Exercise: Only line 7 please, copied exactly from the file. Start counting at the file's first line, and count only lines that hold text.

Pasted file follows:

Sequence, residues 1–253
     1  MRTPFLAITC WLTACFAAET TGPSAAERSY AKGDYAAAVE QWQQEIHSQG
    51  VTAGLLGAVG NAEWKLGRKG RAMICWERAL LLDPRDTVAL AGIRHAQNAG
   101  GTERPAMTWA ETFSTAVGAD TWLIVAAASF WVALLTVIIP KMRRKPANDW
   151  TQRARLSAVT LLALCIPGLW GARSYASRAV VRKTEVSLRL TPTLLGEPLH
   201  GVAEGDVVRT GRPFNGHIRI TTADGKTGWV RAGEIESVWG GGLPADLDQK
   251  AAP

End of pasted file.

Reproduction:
   251  AAP